It’s World Water Day–an annual event when the United Nations and anybody and everybody else who cares to try to make things just a little better brings attention to what’s going on with the world’s water supply.
We in North America get to see that close up.
Canada and the U.S. share the Great Lakes, the largest body of fresh water on the globe, one-fifth of freshwater surface on the planet.
When it comes to the Great Lakes: pollution rules.
When it comes to solving the problem: um, say what?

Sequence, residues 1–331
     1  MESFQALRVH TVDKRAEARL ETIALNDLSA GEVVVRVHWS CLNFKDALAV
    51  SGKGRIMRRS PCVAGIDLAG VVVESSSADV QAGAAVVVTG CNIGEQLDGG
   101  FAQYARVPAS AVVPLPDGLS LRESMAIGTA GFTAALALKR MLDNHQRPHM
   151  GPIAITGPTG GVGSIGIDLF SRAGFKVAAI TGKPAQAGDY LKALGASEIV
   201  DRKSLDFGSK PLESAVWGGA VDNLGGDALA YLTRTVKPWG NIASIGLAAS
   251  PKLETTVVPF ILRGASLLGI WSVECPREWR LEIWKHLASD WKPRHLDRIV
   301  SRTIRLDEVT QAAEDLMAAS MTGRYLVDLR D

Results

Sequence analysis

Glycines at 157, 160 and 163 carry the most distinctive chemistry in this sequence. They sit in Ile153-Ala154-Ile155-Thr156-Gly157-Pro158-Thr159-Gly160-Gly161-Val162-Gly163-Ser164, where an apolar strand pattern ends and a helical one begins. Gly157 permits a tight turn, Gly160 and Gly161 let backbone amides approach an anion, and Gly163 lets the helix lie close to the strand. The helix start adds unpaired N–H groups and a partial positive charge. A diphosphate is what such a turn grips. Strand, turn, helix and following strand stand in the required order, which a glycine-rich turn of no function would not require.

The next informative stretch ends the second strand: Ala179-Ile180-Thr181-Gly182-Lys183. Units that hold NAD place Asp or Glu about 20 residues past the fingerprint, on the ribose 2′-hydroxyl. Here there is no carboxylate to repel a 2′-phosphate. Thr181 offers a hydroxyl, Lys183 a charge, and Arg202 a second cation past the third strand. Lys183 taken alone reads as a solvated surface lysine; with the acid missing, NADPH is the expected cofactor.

And the bad news just keeps coming.
A study released Thursday found the Great Lakes region is warming faster than the rest of the U.S., a trend that is likely to bring more extreme storms while degrading the water quality in the lakes, worsening erosion , making things tougher on farmers in the region.
The organization describes itself as an “interdisciplinary collaboration between visual artists, cultural workers and scientists” working together “to sample, map, understand, and visualize the complexities of plastics and micro-plastics pollution in the Great Lakes Region.”
I spoke by phone Thursday with Jazvac about what what the collective is trying to achieve and how they are going about it.
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